Title
The influence of different speech processor and hearing aid settings on speech perception outcomes in electric acoustic stimulation patients The influence of different speech processor and hearing aid settings on speech perception outcomes in electric acoustic stimulation patients
Author
Faculty/Department
Faculty of Social Sciences. Sociology
Faculty of Medicine and Health Sciences
Publication type
article
Publication
Baltimore, Md ,
Subject
Human medicine
Source (journal)
Ear and hearing. - Baltimore, Md
Volume/pages
29(2008) :1 , p. 76-86
ISSN
0196-0202
ISI
000252238200008
Carrier
E
Target language
English (eng)
Affiliation
University of Antwerp
Abstract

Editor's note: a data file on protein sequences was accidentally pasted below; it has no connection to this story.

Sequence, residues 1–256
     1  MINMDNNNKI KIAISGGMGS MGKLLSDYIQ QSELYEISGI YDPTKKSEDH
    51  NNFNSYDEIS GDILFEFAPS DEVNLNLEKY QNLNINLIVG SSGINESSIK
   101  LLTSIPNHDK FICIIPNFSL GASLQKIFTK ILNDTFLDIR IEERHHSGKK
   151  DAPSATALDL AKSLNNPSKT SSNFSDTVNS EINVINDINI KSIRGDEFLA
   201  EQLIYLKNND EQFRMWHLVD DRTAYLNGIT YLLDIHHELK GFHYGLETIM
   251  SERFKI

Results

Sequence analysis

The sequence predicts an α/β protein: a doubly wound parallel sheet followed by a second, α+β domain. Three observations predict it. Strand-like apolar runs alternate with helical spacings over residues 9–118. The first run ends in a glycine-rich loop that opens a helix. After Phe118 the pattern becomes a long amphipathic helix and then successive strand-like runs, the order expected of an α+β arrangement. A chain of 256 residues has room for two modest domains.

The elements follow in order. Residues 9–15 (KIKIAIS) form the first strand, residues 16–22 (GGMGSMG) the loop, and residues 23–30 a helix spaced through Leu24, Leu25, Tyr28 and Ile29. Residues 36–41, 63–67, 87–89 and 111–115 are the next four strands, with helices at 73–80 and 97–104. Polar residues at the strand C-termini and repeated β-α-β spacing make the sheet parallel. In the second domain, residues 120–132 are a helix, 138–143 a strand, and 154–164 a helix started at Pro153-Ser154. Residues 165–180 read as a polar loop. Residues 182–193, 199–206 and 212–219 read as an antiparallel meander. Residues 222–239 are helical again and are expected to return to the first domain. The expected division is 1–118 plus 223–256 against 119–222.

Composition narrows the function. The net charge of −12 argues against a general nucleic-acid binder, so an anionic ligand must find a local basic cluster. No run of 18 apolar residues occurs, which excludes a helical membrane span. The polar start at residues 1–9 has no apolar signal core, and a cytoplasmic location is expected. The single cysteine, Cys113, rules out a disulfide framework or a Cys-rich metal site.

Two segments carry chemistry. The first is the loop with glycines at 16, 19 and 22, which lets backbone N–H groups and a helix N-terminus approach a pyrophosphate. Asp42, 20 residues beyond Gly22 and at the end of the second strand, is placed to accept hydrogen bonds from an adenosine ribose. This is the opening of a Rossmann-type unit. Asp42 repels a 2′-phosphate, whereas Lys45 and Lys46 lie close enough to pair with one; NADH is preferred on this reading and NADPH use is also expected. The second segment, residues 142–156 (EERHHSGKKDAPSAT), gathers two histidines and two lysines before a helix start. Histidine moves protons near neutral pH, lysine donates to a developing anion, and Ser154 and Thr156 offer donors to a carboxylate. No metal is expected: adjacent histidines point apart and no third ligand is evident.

Objective. Electric acoustic stimulation (EAS) is an increasingly popular means of treating individuals with a steeply sloping mid-to-high frequency hearing loss, who traditionally do not benefit from hearing instruments. These persons often have too much residual hearing to be considered for a cochlear implant. Several studies have demonstrated the ability both to preserve the remaining low-frequency hearing in these individuals, and to provide significant benefit through combining a cochlear implant with a hearing aid to amplify the same ear. These improvements in performance have been especially noted in noise. Often overlooked is that these outcomes may be influenced by the fitting parameters of both the cochlear implant and the hearing aid. Design: This study assessed four EAS subjects, with a minimum of 1 month's EAS use, on eight different fitting parameters. Sentence testing in different noise, levels (+15, +10, and +5 dB SPL) was conducted. Subjects also evaluated each condition using a visual analogue scale. Results: Results demonstrated that a reduced overlap of cochlear implant and hearing aid amplification produced best results across listening conditions. Conclusions: The hearing aid should be fit to a patient-specific modified audiogram at least up to the point where low-frequency hearing is not measurable. The cochlear implant should be fit from a higher frequency point than is standard in patients without residual hearing in the implanted ear, to provide reduced overlap with the amplification provided by the hearing aid. Therefore, a small amount of overlap between the frequency ranges used by the hearing aid and the cochlear implant seems beneficial.
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